Is Getting Chipped A Thing Of The Future?

Imagine a microchip put in your body. Though we already do it for dogs in some circumstances, the thought of applying this to humans puts too many dystopian thoughts in our head to consider.

By Ryan Velez

Imagine a microchip put in your body. Though we already do it for dogs in some circumstances, the thought of applying this to humans puts too many dystopian thoughts in our head to consider. USA Today recently took a look at the developing technology to show potential applications, and whether or not you have something to fear.

To put the facts out there, some companies are already putting this into action. A Wisconsin firm, Three Square Market recently put microchips in their employees to ditch company badges and corporate logins, and religious activists have embarked on a social media crusade against it in response. Some people feel that it is inevitable, but not anytime soon, like Gene Munster, an investor and analyst at Loup Ventures.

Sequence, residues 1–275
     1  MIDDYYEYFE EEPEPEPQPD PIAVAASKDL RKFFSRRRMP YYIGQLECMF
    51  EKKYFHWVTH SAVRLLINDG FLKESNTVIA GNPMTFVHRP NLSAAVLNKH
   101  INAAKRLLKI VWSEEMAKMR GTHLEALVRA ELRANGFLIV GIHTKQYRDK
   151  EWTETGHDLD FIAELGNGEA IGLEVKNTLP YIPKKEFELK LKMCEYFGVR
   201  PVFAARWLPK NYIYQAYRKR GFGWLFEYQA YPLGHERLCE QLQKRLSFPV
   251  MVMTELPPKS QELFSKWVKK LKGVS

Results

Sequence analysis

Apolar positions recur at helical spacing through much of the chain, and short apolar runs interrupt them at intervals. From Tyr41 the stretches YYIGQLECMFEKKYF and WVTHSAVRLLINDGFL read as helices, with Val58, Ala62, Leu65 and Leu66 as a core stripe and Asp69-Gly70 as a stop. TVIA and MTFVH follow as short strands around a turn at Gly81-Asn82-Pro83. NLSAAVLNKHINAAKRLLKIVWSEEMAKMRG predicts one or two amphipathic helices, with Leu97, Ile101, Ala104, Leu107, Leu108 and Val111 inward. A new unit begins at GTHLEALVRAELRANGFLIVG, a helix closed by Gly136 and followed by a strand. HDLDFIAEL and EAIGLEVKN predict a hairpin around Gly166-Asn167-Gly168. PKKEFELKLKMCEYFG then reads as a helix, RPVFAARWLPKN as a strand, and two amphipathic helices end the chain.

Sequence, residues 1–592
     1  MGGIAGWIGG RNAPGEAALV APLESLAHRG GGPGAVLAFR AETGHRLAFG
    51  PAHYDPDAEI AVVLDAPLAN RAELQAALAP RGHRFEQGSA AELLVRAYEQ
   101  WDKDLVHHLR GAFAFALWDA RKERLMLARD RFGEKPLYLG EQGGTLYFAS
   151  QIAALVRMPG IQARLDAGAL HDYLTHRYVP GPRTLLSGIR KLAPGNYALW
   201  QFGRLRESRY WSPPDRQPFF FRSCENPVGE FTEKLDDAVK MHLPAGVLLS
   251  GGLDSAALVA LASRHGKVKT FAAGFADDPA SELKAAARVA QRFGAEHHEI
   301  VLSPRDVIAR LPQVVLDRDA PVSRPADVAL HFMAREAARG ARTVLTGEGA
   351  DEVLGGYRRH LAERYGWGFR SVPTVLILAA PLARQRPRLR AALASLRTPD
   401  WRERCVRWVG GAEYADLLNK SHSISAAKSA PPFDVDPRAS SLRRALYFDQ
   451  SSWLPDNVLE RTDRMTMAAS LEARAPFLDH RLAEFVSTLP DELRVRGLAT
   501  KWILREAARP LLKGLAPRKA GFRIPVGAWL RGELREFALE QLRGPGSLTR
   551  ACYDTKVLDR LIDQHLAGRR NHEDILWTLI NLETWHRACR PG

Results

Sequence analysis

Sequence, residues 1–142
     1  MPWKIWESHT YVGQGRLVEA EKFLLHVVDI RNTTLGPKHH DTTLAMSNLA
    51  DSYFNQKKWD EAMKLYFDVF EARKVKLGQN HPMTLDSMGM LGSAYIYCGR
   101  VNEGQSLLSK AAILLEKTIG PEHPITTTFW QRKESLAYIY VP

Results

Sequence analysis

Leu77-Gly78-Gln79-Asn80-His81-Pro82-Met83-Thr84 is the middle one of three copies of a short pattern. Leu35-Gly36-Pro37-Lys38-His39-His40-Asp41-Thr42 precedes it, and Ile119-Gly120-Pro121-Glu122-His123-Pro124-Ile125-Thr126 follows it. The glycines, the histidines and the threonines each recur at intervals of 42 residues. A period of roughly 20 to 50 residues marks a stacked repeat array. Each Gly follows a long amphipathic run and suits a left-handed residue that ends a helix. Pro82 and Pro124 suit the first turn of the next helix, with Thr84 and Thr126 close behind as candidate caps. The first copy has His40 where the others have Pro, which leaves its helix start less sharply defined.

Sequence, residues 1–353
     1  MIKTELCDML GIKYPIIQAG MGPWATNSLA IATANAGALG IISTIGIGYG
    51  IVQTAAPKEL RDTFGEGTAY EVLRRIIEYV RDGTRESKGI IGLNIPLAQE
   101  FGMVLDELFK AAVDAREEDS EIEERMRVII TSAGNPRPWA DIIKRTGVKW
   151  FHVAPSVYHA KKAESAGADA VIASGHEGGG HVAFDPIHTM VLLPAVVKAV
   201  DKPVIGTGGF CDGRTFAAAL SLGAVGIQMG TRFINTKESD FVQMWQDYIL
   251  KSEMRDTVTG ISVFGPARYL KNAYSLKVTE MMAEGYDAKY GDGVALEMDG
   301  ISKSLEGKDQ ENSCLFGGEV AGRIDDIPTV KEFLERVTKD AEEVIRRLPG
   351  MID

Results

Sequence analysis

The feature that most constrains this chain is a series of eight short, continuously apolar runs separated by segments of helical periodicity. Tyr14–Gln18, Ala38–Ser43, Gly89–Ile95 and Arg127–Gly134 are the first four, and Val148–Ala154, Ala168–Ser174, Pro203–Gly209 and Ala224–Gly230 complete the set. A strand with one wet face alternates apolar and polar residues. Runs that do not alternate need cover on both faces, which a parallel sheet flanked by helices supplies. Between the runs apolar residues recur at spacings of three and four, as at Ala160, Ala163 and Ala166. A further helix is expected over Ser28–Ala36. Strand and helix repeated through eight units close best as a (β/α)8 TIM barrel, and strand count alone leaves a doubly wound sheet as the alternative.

“In 10 years, Facebook, Google, Apple and Tesla will not have their employees chipped,” he says. “You’ll see some extreme forward-looking tech people adopting it, but not large companies.” The idea of being chipped has too “much negative connotation” today, but by 2067 “we will have been desensitized by the social stigma,” he adds.

Potential uses for a chip could include going through airport scanners without needing to show your passport or driver’s license, open doors, start cars, and operate home automation systems. Rest easy, as this isn’t a GPS tracker, though people have reason to be concerned.

“If the tech is out there, what’s to stop an employer from saying either you do this, or you can’t work here anymore?” asks Bryan Allen, chief of staff for state Rep. Tina Davis (D), who is introducing a bill in Pennsylvania to outlaw mandatory chip embedding. Several workers’ rights advocates feel the same, but some feel this is simply part of the march of progress. Ten years ago, employees didn’t look at corporate e-mail over the weekend. Now they do, “whether we like it or not,” says Noelle Chesley, associate professor of sociology at the University of Wisconsin-Milwaukee.

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